Most newlyweds have financial accounts from before they got married. For example, one spouse may have a credit card that they opened when they were single. They essentially bringing it into the marriage with them. But getting married doesn’t automatically mean your spouse can use that account.
If you don’t add them to the account or make them an authorized user. They technically aren’t allowed to use that card. However, it’s important to understand that adding a new authorized user does come with some risks. Here’s a look at what it means to give your spouse credit card authorization as well as alternative options that may suit your needs.
Adding a Spouse as an Authorized User
In most cases, the process of adding a spouse as an authorized user is very simple. You’ll need to contact your credit card issuer and give them your spouse’s information. They will need name, birth date, and Social Security number. Then request that they be added.
When you list your spouse as an authorized user, you may have two options for how that will work. First, you might be able to get your spouse their own credit card that attaches to that account. Second, you may only be giving them the legal right to use your card. This way they won’t have one of their own.
The Benefits of Adding a Spouse as an Authorized User
Whether your spouse gets their own card or simply has the ability to use yours, your spouse can then make charges to that account legally. They may also get access to your account records and various associated services, like the online portal, roadside assistance, or any other perks given to cardholders.
However, how much access they get varies from one issuer to the next. Some are more restrictive while others are less so, so you’ll want to see what is available to your spouse before you complete the process.
Additionally, that credit card could start appearing on your spouse’s credit report once the addition is fully recorded. If your spouse has little or poor credit and the card is in good standing with a low balance, their score may improve.
It’s important to note that not all banks report authorized users to the credit bureaus, so it is also possible that the account won’t show up. In that case, your spouse’s credit score remains unchanged.
With an authorized user, you might rack up rewards more quickly. Since you are both using the card, you might have more transactions.
Plus, if this is the only credit card you and your spouse have, you are centralizing all of your credit card activity. This may be preferable to having separate accounts as it makes budgeting and tracking simpler.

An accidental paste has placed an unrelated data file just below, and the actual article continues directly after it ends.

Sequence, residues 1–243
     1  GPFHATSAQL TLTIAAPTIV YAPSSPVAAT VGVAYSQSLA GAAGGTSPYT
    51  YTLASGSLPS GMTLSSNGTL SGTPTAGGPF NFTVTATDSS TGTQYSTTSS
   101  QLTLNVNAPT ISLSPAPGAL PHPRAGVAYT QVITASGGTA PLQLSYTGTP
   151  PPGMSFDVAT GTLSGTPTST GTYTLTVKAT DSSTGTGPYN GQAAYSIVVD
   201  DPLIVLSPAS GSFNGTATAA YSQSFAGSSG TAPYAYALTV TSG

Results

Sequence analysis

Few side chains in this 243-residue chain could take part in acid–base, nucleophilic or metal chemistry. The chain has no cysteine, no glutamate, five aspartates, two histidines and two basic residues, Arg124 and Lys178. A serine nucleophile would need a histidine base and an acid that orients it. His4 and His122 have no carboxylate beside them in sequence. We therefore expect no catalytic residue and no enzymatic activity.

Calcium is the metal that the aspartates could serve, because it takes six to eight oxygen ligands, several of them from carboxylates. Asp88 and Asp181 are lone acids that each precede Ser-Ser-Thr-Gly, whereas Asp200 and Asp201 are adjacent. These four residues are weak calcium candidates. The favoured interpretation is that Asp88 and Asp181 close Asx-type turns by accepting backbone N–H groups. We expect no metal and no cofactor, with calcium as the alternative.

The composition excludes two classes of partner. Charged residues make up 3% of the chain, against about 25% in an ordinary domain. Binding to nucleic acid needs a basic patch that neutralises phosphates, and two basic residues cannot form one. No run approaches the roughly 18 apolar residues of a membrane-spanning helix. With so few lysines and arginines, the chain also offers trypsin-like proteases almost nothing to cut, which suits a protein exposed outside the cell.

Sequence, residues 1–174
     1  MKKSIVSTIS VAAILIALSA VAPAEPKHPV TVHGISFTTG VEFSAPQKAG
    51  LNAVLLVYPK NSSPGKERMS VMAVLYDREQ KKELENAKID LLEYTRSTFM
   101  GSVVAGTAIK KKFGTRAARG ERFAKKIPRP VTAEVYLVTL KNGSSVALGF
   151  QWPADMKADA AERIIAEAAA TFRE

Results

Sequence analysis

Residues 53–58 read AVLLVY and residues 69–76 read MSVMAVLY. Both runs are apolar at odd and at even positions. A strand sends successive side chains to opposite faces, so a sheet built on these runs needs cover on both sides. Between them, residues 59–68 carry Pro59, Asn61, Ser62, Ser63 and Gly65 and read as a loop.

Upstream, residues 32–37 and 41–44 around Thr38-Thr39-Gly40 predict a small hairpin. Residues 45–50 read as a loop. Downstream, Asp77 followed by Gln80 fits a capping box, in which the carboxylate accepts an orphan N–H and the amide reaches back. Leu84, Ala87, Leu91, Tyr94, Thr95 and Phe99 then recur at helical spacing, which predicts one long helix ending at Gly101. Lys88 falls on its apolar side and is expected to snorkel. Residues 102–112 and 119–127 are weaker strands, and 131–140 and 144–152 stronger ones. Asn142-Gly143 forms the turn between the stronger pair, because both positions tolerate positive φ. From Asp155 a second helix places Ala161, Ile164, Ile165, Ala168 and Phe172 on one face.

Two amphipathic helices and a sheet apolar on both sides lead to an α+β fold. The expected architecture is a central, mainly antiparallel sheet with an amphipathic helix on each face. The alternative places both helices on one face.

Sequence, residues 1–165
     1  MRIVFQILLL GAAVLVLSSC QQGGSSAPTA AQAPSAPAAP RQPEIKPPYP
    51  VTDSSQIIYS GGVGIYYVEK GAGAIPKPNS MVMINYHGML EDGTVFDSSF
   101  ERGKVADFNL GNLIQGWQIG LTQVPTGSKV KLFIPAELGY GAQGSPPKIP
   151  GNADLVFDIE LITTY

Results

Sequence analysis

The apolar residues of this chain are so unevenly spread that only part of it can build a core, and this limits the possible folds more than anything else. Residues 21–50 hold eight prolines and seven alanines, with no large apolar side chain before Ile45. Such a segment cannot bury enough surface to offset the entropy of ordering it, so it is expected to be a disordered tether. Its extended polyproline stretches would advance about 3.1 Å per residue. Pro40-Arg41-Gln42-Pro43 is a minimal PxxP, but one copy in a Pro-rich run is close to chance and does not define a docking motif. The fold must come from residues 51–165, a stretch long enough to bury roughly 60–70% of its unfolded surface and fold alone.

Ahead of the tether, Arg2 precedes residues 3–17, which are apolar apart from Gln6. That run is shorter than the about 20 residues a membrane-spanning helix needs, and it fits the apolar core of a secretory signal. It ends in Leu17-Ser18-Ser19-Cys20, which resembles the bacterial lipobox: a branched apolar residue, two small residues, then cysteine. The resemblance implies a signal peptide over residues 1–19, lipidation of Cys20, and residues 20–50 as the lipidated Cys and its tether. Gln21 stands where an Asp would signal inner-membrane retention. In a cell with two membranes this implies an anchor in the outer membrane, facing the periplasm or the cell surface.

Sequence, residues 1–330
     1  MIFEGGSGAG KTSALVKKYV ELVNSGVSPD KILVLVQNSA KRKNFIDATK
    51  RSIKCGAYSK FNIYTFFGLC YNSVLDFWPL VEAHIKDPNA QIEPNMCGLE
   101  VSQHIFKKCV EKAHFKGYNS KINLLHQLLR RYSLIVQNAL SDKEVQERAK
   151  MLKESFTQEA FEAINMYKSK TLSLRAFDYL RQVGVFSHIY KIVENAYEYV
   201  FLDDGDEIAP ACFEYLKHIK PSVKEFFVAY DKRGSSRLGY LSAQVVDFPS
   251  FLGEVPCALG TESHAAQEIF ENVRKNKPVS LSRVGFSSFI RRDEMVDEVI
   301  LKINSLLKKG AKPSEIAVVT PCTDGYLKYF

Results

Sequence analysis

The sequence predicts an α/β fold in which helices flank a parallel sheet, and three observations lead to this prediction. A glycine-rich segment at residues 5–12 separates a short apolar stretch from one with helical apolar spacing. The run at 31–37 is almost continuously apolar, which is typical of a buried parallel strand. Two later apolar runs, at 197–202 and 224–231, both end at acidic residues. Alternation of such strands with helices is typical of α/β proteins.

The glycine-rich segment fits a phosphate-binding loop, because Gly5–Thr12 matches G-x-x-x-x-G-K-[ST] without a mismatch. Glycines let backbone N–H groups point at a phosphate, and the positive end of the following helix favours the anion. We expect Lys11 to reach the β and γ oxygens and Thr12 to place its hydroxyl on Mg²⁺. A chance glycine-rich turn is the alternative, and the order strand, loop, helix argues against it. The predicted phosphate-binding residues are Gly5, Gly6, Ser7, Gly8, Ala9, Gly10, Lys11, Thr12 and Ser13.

The Drawbacks of Giving Your Spouse Credit Card Authorization
The biggest drawback of having anyone as an authorized user, including your spouse, is that you are still solely responsible for paying the bill. It doesn’t matter who made the charges; the repayment obligation only falls on the shoulders of the primary account holder in this scenario.
This means, if your spouse spends hundreds or thousands of dollars, they technically aren’t legally responsible for paying it back to the card issuer. That makes adding them as an authorized user a bit of a financial risk, as you are assuming full responsibility for their activity.
However, that doesn’t mean your spouse isn’t taking on some level of risk as well. For example, if your card is maxed out or isn’t in great standing, it could harm your spouse’s credit score. Plus, if you miss a payment, their score can be penalized for that as well, even if they aren’t technically responsible for paying.
Alternatives to Listing a Spouse as an Authorized User
If you want to centralize your credit card activities, there are options beyond listing a spouse as an authorized user. You might be able to open a joint account instead.
With a joint account, you are both legally responsible for repaying the debt. Additionally, you both have the same rights to the account, such as access to records and various services. However, you can’t simply turn your existing credit card into a joint account. Instead, you’ll have to get a new one.
Opening a joint account is a bit more complicated than adding someone as an authorized user. First, the card issuer will examine you and your spouse’s credit history and score to determine if you are eligible for a new account. If your spouse’s credit is poor, you might get denied, or you could end up with an interest rate that is far above what you have on your existing account.
Additionally, new accounts impact your credit scores. You’ll both have a new hard inquiry on your reports, and the average age of your accounts will go down. It may increase your total available credit if you keep your other account open, or decrease it if you close your old account and your new limit is lower. Plus, if you close your current account, you’re impacting the average age of your accounts even more, and that will alter your score.
Ultimately, either approach can be viable. Plus, you always have the ability to keep the credit card in just your name, leaving the existing paradigm intact. Just make sure you understand the risks and benefits of each option, and choose the one that best meets your needs and preferences.
Have you given your spouse credit card authorization? Why or why not? Share your thoughts in the comments below.
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